"And then the hedonistic binge called recruiting begins. You'll be confronted by a map of the United States. Clicking on any state will give you the list of all the potential recruits residing there. Or, to simply things, you can go to a menu to give you more focused lists such as those kids ranked in the nation's elite players, those from your school's state or those who initially have some degree of interest in you."
A certain sickness comes over me from time to time where I feel a compulsion to grind through a handful of video gaming football seasons. When I was younger, I played Tecmo Super Bowl and its SNES sequels to a degree where I have an unhealthy amount of knowledge about them. Eventually, I moved onto the Madden NFL series and bought the new (ie: same game with updated rosters and one or two new gameplay functions) version every year for a little while. While the gameplay might not have been as simple and addictive as my beloved Tecmo games, I found the ability to draft new players and engage in off-season duties such as contract negotiations and free agency to be a very fun addition to my football ritual.
And then, a couple of years back, I snagged NCAA Football 06 and have never looked back. Essentially it provides the exact same style of play as the Madden games, but has a much deeper and more addictive off-season -- to the point where I find that part of the game to, at times, supersede the actual on-field play. I'd never played any of the earlier NCAA games and haven't bought any of the more recent ones just because I see no real reason to. Why would I care about getting yearly roster updates when EA's not allowed to use the real names of the NCAA's prized "student athletes"? I'm too lazy to fill in real names (especially when the computer can generate fake names for the thousands of players) and due to the short duration of collegiate eligibility, virtually every player I'm familiar with would be gone after only a couple of seasons.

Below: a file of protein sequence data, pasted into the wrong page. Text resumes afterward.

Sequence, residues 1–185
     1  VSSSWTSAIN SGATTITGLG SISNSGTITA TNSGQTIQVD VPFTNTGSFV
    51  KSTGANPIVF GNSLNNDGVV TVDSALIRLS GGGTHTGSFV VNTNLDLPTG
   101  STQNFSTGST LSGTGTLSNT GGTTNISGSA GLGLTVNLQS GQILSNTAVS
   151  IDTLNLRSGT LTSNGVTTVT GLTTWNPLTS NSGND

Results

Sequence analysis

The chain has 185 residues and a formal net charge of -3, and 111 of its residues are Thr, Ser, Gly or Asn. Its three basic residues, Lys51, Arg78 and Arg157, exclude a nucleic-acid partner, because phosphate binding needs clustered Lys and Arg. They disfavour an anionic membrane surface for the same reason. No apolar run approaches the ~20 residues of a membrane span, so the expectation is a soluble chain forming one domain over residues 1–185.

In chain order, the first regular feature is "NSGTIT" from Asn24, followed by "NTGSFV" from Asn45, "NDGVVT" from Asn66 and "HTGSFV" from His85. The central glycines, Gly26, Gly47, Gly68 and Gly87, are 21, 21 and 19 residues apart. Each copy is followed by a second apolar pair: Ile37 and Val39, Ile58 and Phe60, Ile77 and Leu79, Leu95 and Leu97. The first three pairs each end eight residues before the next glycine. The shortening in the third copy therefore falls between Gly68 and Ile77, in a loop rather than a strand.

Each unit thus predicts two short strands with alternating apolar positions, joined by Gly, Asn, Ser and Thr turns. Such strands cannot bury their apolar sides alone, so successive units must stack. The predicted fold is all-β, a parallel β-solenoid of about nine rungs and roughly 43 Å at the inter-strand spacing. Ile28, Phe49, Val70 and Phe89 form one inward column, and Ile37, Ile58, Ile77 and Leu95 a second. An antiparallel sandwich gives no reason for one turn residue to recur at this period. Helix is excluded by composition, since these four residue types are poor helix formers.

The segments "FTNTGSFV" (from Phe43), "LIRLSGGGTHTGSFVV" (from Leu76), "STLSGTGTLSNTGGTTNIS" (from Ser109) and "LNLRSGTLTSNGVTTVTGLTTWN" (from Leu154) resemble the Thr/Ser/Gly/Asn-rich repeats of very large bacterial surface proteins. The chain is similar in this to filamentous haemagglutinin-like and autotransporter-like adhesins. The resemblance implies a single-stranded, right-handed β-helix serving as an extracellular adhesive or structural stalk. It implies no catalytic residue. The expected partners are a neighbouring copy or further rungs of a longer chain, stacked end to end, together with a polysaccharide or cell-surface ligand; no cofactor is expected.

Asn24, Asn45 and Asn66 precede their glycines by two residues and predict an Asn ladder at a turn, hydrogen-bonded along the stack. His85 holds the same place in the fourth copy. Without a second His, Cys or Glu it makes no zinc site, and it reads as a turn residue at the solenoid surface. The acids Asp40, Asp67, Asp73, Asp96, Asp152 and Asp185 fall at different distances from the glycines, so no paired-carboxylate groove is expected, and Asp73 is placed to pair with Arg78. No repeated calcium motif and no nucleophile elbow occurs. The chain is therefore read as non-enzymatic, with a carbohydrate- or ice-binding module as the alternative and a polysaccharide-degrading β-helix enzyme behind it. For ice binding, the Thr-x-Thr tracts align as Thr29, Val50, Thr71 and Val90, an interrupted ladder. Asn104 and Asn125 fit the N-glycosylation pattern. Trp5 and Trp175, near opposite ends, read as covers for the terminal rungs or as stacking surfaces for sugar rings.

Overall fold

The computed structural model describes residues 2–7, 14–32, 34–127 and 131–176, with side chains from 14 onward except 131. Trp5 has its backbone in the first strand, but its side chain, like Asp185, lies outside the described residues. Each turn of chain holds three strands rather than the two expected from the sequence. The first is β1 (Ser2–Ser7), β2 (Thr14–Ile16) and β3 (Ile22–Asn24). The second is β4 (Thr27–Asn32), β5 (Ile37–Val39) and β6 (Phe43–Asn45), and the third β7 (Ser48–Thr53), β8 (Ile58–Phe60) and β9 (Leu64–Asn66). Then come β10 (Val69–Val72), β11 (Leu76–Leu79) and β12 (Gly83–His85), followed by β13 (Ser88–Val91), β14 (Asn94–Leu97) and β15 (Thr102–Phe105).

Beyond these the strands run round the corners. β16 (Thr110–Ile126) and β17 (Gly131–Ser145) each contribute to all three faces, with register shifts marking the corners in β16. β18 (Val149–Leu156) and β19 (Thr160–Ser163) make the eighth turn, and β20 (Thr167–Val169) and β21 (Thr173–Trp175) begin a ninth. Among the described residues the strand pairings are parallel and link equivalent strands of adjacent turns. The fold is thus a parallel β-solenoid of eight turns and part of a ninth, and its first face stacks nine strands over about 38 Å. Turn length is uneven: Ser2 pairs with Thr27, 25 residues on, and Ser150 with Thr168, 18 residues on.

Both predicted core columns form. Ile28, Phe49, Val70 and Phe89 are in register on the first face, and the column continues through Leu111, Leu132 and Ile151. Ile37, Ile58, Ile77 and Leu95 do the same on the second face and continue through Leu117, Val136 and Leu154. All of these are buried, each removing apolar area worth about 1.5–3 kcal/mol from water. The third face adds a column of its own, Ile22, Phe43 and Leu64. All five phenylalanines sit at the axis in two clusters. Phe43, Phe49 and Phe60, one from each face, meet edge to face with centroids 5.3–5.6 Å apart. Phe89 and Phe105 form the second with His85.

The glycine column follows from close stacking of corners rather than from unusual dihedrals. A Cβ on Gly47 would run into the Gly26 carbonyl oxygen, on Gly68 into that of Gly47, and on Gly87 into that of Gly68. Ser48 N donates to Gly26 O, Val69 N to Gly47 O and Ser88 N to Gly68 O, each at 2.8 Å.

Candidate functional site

Right away, you'll have plenty of options when you start this game. There's a "Road to the Heisman" mode, where you can turn yourself into a star high school player and progress through your college career. While a cool concept, I've found virtually all of my NCAA Football 06 time devoured by Dynasty mode. Here, you pick any of the game's 119 Division 1-A teams or, if you want a REAL challenge, any of dozens of 1-AA teams to bump up to the big time. Those squads have next-to-no talent, making them involving multi-year projects to even get up to respectability. From personal experience, I can tell you that an offensive line consisting of dudes rated 44 and 48 won't hold up well against the barrage of 80s and 90s you'll find on the average good to great big-time program.
Each season consists of 11 or 12 games, along with the possibility of playing in a conference championship game if your league has one of those. Afterwards, you might play in a bowl game and/or receive postseason awards and then it's off to the off-season. While you get try your hand at recruiting a handful of elite players during the actual season, here's where you'll be doing the bulk of your work to improve (or at least avoid falling completely off the map if you graduate a great class) for next year. Maybe you'll get a couple of transfers from other schools. Or you might find a few of your players are either planning to leave, by either transferring or applying for the NFL draft, forcing you to attempt to convince them to give you another year (or more) of their lives.